The debates over the designated hitter point to a larger phenomenon in sports and sportswriting that conflates forward-thinking, data-driven empirical facts with aesthetic preferences.  Baseball has moved to a true-outcomes game as the value of walks has increased and the stigma of strikeouts has not.  Teams obsessively track pitch counts and pitcher effectiveness in multiple times through the order, and starters yield more and more innings to the bullpen.  These are all trends backed by numbers, and I'd be wary of supporting a baseball executive who would complain about Joey Votto walking too much or whatever, but it's also a strikingly different type of baseball than a kind that emphasizes putting the ball in play, running around on the basepaths, and sporting a gigantic mustache.  There numbers tell us that early twenty-first-century Adam Dunn and Juan had similar worth, but it is not objectively wrong to prefer your baseball players to lumber to first only via walk or home run trot or to spray the ball around and zoom around the bases while being the only professional baseball player to still wear a hat under a helmet.

This tendency, I believe, remains a lingering effect from the great Blog Wars of the early 2000s, when sabermetrics and statistically-minded writers butted heads with the entrenched Hat Guys and Hawks Harrelson who dismissed basic statistical ideas like baseball players should try not to make outs as the rantings of tedious nerds.  Stats bloggers were besieged in their proverbial mothers' basements, defensively adopting a belligerent, incredulous pose that developed from arguing over and over that RBI and pitcher wins are kind of dumb stats against people whose entire rebuttal consists of just repeating the words Mickey Mantle over and over again.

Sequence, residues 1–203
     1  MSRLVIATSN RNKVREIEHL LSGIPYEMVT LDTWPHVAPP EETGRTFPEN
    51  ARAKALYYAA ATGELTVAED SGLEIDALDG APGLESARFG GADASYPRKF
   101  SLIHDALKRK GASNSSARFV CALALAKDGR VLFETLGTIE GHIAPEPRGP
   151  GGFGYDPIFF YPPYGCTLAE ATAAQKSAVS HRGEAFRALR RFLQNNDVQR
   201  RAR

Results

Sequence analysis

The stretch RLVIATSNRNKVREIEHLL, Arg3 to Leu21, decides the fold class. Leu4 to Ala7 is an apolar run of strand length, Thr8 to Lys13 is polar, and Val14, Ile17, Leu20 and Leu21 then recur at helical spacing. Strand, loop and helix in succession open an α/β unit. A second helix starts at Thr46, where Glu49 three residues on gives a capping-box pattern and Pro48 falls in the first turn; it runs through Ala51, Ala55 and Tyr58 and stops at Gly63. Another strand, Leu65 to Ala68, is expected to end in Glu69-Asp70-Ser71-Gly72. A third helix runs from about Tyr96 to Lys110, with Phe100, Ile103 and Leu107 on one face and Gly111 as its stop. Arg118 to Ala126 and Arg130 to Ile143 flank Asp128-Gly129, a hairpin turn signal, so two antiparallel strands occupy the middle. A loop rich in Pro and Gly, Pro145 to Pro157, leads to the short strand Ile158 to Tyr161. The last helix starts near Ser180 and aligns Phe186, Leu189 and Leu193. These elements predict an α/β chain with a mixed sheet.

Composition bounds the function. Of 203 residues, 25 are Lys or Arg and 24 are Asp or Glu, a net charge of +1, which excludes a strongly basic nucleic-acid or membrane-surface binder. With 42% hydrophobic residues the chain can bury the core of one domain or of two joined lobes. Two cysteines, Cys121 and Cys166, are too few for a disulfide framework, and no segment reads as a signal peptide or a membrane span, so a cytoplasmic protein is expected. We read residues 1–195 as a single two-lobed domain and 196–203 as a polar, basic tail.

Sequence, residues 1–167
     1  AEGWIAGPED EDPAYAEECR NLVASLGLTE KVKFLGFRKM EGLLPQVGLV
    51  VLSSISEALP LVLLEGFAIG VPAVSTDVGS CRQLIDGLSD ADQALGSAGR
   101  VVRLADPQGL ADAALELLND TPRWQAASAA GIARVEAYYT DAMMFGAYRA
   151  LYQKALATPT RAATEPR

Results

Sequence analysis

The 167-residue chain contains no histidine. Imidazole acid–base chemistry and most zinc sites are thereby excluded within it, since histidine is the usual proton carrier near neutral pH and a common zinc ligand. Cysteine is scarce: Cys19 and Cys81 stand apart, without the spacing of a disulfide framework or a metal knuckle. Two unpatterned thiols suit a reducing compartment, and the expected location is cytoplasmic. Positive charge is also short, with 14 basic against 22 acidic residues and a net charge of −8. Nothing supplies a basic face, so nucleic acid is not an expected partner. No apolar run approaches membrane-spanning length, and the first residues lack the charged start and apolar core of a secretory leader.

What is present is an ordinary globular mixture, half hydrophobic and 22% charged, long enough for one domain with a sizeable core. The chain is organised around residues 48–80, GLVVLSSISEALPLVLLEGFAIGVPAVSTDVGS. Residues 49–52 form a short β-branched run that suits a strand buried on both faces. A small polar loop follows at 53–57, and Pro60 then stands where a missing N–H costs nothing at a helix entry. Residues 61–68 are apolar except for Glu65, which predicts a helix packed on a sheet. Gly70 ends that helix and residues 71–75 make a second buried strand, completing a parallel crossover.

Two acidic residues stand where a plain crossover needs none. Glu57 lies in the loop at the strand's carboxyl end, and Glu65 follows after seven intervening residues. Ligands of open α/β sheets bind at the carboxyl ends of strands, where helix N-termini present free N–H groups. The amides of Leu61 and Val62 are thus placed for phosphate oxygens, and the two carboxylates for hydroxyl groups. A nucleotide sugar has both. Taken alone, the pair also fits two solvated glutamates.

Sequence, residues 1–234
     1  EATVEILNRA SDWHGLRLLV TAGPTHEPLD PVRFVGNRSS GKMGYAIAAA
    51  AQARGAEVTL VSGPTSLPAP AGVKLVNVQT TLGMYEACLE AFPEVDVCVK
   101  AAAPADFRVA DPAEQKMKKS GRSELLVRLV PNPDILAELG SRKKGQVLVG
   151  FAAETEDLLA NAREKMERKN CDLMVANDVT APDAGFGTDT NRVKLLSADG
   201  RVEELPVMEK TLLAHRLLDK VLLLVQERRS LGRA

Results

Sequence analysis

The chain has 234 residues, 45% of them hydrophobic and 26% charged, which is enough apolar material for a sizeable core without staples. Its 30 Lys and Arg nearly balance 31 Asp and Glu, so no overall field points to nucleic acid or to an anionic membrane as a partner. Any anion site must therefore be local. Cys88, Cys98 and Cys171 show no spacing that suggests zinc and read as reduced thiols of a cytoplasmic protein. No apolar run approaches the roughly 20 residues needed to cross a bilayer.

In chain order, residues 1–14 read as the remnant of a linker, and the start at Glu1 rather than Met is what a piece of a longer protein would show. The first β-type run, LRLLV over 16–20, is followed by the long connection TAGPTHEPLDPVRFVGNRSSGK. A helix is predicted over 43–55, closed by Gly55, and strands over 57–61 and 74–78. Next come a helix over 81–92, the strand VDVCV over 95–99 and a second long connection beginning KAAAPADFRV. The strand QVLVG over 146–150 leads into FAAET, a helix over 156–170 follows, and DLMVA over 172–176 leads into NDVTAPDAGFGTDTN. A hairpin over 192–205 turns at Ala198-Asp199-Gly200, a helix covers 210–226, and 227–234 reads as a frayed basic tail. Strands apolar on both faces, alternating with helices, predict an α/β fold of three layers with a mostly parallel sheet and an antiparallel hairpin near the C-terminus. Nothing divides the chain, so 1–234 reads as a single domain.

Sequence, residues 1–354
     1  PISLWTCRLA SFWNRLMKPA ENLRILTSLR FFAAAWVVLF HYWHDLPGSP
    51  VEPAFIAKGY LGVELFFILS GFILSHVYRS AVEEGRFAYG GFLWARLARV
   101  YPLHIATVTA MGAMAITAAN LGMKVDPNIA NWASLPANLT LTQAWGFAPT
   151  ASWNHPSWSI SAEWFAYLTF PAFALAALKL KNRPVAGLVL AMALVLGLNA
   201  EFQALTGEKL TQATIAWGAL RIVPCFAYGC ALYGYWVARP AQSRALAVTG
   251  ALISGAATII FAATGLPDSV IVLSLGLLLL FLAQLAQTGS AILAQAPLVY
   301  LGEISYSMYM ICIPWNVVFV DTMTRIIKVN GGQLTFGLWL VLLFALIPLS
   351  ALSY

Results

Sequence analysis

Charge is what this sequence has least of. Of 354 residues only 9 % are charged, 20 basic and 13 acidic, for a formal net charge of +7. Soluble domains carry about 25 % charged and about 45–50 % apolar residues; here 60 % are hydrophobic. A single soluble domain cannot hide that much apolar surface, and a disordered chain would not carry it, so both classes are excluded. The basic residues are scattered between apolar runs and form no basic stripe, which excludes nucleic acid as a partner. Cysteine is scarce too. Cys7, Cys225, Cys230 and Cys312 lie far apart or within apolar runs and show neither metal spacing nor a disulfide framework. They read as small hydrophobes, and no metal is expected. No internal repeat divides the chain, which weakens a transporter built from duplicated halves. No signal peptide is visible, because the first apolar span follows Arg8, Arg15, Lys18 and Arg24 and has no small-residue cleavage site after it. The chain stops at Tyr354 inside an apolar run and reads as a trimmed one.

This is the only known photo of "Mickey Mantle," which, as has been 
reported on this blog numerous times, is a fictional baseball player 
invented by Billy Crystal and Ken Burns in 1987 to fool Baby Boomers

Yes, pitchers cannot hit.  And yes, the affinity that National League fans have for pitchers hitting probably is determined entirely by the fact that the team they like plays in the National League.  It's silly and irrational.  But sports are silly and irrational.  Choosing a team to root for often comes down to something completely arbitrary like where a person is born, sports rules are bizarre and nonsensical, the price of beer at a sporting even is exorbitant; spending time watching sports is itself kind of silly and irrational.  Let no one argue that pitchers can hit more effectively than even the shittiest replacement infielders.  Let no one argue that the DH, in the American League since 1973 and a rule in just about every baseball league except for the Japanese Central League uses it, is unnatural or not a part of baseball.  The DH will certainly come to the National League sooner or later and some people will grumble and then forget about it, but until then please let me enjoy watching a pitcher awkwardly flair one into right and then stand on the basepaths in an ill-fitting satin jacket.